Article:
|62|* Of the Chief Causes that Promote TRADE.
THE Chief Causes that Promote Trade, (not to mention Good Government, Peace, and Scituation, with other Advantages) are Industry in the Poor, and Liberality in the Rich: Liberality, is the free Usage of all those things that are made by the Industry of the Poor, for the Use of the Body and Mind; It Relates chiefly to Man's self, but doth not hinder him from being Liberal to others.
The Two Extreams to this Vertue, are Prodigality and Covetousness: Prodigality is a Vice that is prejudicial to the Man, but not to Trade; It is living a pace, and spending that in a Year, that should last all his |63| Life: Covetousness is a Vice, prejudicial both to Man & Trade; It starves the Man, and breaks the Trader; and by the same way the Covetous Man thinks he grows rich, he grows poor; for by not consuming the Goods that are provided for Man's Use, there ariseth a dead Stock, called Plenty, and the Value of those Goods fall, and the Covetous Man's Estates, whether in Land, or Mony, become less worth: And a Conspiracy of the Rich Men to be Covetous, and not spend, would be as dangerous to a Trading State, as a Forreign War; for though they themselves get nothing by their Covetousness, nor grow the Richer, yet they would make the Nation poor, and the Government great Losers in the Customs and Excises that ariseth from Expence. |64|
The Library of Economics and Liberty is full of these old treatises. Here is their introduction to this one and another similar one. Hmm. I guess I'll have to exerpt it, it won't be on their front page forever.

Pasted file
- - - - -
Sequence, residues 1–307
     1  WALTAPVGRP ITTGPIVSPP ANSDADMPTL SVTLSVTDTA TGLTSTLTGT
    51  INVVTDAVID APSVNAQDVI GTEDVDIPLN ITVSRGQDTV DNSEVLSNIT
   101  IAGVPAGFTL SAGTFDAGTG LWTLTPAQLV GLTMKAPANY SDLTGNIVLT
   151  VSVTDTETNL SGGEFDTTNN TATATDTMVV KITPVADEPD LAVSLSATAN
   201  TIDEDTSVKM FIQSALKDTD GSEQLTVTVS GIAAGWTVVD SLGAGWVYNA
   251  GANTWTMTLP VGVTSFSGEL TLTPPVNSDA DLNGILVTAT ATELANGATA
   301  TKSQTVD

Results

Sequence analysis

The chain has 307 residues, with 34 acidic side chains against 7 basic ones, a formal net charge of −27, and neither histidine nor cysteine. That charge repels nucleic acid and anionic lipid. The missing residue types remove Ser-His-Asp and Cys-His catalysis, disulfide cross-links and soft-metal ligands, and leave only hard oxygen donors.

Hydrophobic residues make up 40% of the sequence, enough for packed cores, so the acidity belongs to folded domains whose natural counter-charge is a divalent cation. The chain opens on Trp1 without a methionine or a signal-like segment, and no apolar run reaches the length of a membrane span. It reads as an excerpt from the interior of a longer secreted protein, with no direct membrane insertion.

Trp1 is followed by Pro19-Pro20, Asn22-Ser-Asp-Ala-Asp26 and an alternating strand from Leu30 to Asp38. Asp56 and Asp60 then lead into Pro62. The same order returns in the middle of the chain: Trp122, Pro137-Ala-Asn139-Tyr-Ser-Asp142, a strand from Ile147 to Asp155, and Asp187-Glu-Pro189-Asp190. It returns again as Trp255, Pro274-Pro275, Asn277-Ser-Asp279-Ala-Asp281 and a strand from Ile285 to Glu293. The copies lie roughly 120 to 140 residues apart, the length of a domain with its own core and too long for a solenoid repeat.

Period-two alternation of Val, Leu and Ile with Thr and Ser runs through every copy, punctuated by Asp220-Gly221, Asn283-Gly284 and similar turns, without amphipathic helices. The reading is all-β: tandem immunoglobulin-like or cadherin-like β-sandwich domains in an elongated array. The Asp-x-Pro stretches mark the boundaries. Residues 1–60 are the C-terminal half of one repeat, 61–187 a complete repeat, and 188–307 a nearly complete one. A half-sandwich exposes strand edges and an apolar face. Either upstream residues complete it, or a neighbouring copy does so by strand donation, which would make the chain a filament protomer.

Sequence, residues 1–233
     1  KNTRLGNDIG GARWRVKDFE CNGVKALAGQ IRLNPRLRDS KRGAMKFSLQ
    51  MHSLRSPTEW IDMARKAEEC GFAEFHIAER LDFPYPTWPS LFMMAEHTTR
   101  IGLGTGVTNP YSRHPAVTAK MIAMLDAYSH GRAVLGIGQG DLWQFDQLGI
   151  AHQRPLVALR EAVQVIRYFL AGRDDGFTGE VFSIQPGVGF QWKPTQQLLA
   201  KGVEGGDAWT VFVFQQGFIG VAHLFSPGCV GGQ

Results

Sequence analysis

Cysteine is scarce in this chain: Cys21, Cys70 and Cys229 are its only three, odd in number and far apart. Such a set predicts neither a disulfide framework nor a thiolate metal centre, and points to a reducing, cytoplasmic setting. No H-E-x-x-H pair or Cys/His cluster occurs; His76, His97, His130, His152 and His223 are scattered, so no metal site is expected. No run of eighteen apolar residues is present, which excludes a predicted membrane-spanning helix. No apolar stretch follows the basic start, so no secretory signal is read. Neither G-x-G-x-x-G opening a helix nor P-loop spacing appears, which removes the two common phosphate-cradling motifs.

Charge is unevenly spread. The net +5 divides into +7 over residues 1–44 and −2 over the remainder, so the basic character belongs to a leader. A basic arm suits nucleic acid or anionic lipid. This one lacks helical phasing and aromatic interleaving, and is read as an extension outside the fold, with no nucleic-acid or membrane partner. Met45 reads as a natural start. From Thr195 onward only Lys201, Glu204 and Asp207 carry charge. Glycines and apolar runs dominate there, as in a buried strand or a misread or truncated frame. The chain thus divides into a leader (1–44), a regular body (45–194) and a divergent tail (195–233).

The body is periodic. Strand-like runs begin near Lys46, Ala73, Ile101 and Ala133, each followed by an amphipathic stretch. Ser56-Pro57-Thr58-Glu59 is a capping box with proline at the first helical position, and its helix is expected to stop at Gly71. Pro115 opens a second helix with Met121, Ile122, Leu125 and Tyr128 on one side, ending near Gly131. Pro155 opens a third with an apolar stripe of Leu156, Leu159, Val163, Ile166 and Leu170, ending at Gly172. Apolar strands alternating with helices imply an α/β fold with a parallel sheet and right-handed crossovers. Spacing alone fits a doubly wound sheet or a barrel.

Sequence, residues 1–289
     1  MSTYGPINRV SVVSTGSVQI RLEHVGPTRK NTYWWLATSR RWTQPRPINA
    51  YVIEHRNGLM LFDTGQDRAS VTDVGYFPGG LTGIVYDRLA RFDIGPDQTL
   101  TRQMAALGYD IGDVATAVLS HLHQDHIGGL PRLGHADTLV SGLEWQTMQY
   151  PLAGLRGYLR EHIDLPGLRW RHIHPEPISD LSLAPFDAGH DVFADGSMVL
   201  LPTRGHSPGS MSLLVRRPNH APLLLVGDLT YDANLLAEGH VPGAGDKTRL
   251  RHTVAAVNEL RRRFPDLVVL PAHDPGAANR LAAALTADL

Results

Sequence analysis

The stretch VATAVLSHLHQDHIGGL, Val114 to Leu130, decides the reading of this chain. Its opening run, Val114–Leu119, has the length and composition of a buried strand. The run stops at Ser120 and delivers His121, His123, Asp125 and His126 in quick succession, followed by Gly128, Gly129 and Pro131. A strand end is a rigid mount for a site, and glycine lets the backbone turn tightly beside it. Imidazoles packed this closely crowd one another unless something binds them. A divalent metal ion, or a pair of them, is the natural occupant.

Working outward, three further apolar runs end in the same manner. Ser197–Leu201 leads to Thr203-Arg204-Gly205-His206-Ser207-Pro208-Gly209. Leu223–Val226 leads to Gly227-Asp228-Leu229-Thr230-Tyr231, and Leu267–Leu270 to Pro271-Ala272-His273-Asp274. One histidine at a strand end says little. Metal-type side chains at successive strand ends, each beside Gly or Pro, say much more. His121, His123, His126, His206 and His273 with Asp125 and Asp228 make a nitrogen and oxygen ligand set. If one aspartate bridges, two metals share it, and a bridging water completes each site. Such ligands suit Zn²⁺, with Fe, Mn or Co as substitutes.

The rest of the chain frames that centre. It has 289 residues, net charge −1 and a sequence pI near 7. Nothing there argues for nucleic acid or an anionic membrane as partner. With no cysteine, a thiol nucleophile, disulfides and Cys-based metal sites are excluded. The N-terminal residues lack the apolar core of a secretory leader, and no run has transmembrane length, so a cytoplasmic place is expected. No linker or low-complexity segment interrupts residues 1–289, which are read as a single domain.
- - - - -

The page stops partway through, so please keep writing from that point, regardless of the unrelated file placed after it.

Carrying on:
Ah, it's short:
A Discourse of Trade, by Nicholas Barbon. (1690)
Discourses Upon Trade, by Sir Dudley North. (1691)
These two early works in economics illustrate how well the economics of international trade was understood even in the 17th century. Not only did North and Barbon pre-date Cantillon, Hume, and Smith, but they are worth revisiting today for their delightful, independent insights on the foundations of free trade.
Although Mercantilism persisted until Adam Smith's Wealth of Nations (and continues today in political debates about trade), it was not an idea held lockstep by everyone pre-Smith. Consider this quote from North:
No Man is richer for having his Estate all in Money, Plate, &c. lying by him, but on the contrary, he is for that reason the poorer. (Essay 2, par. 2.5.)
North argued strongly that money is not the same as wealth; and also that encouraging exports merely to accumulate money is not the source of economic well-being, neither for individuals nor for nations. North is mentioned in historical context in Lalor's Cyclopedia, in the article on the Physiocrats.
From Barbon, consider the chapters illustrating benefits of free trade, the ease of slipping into trade wars, and money versus credit. Barbon's book has almost the organization of a modern economics textbook: the definition of goods, real versus nominal values, exchange, trade, applications!
The archaic spellings of these two short books belie their modern writing styles. Both are excellent reminders of how economists struggle to address age-old politically-motivated arguments.
I've found it very easy to read. It's pretty simple, jargon-free English.
There were a few Latin phrases, which I just plugged into Google and usually the translations were right up front. For instance, "'valet quantum vendi potest' - A thing is worth only what someone else will pay for it." Barbon is showing the antiquity of this economic principle by using the Latin. Interesting how close people were to the concepts of subjective value and marginal utility for thousands of years without truly discovering them.
It's kind of interesting to me, as a half-a***d linguist, to see how much English had changed from the time of the publication of the King James Bible in 1605 (if I remember right) until 1690.